There are some topics that are notoriously difficult to portray in movies. Showing writers, painters or musicians at work for example--hard to do. Realistically portraying what it's like to suffer from paranoid schizophrenia is another tough one. The Soloist tries to tackle a couple of these subjects on varied levels but kind of falls flat by attempting to do too much with the story rather than just depend on its strengths.
Robert Downey, Jr. plays Steve Lopez, a Los Angeles Times columnist who writes about regular people, quirky people, only in L.A. kind of stories. His interest is piqued by Nathanial Ayers (Jamie Foxx), a rambling, not quite coherent street musician/homeless man he accidentally encounters one sunny afternoon. It seems Ayers might have gone to Julliard at one time so Lopez begins to write essays about this musician who went from the privilege auditoriums of Julliard, to playing in tunnels while covered in aluminum foil.
The Soloist is one of these over earnest types of films that pop up from time to time. These films are usually well crafted (Joe Wright directs), sentimental and attempt to impact a message to the audience. The idea is usually applied with the subtlety of a ball peen hammer to the skull--such is the case here. The Soloist has two big issues: mental disease and the homeless and the ways an urban metropolis like L.A. treats both of those things. Films like these, with such blunt, overt lessons running throughout them, drain me more than they move me.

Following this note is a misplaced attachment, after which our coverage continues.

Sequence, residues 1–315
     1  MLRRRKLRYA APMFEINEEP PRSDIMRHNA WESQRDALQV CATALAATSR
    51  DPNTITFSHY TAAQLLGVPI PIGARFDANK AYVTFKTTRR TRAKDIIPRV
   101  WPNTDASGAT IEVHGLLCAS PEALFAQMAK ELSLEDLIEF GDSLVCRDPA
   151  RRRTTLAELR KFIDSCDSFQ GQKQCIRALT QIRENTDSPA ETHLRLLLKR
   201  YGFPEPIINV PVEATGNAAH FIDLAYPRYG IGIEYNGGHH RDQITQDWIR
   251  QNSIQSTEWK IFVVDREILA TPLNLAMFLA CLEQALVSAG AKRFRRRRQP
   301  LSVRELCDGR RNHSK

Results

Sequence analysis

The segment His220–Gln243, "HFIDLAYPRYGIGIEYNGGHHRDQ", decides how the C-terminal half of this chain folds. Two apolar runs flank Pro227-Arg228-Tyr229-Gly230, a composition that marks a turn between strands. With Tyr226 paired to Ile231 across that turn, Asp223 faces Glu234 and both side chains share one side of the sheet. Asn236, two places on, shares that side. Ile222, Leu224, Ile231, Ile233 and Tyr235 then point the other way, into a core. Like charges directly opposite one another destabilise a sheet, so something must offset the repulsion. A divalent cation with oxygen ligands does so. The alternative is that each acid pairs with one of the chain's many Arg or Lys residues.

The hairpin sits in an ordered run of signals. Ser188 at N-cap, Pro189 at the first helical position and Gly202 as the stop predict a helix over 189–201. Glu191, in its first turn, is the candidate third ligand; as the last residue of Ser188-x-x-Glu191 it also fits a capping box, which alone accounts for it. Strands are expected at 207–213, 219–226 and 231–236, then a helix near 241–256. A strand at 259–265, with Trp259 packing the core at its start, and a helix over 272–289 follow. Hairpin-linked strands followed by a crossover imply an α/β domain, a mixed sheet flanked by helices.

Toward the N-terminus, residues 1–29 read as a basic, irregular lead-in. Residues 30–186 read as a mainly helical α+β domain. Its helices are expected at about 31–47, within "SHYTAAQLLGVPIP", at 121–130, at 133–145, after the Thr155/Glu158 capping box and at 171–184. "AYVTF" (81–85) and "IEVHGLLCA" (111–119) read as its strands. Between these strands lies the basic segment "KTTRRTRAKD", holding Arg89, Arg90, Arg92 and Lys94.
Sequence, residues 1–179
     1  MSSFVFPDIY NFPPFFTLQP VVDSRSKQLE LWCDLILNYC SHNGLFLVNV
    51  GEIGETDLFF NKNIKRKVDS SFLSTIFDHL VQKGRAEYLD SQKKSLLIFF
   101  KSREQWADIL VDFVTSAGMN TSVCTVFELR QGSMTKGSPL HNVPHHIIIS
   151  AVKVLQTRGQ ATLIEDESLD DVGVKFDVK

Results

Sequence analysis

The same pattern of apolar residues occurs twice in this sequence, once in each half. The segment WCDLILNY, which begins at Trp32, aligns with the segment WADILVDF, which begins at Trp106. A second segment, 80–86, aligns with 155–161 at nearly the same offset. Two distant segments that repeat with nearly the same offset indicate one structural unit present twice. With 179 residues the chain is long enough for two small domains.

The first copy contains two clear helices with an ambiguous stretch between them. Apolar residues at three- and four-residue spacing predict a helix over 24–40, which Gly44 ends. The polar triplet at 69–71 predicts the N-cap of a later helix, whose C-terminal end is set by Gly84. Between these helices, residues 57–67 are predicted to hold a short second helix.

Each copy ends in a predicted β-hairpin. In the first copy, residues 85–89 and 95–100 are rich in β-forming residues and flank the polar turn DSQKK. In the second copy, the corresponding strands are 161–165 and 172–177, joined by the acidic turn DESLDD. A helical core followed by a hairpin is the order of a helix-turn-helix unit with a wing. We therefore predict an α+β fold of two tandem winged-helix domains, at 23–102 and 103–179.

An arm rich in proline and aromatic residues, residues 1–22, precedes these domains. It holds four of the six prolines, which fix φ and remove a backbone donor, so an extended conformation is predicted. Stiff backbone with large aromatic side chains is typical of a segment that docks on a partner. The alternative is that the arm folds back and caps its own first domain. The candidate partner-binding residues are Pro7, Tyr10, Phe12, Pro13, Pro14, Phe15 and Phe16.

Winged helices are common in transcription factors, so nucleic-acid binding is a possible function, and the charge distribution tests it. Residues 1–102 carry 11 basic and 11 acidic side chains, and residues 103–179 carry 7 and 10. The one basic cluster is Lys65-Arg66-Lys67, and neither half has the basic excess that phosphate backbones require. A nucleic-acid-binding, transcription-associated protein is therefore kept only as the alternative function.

Downey and Foxx are actually pretty good in the lead roles. Can't fault their performances. A major mistake though is the useless, manipulative scenes of Ayers as a youngster, as a promising student at Julliard and when he was losing his grip on reality. Schizoprenia manifests itself in Ayers head as a lot of voices talking to him at once. The more voices, the more powerful the hold of his schizophrenia on his actions. The film should have just stayed with the present story of writer + homeless man and their forming bond and relied on their chemistry and good performances. The flashbacks are distracting at the very least and do a lot of damage to the flow of the film.
While The Soloist attempts to portray tough to film topics such as schizophrenia, writing and being a musician--it dooms itself by being overly complicated, earnest, preachy and sentimental. A little restraint and directness in storytelling would have done wonders for it. Instead, we get the same kinds of overwrought excess that seems to always screw up these kinds of pictures.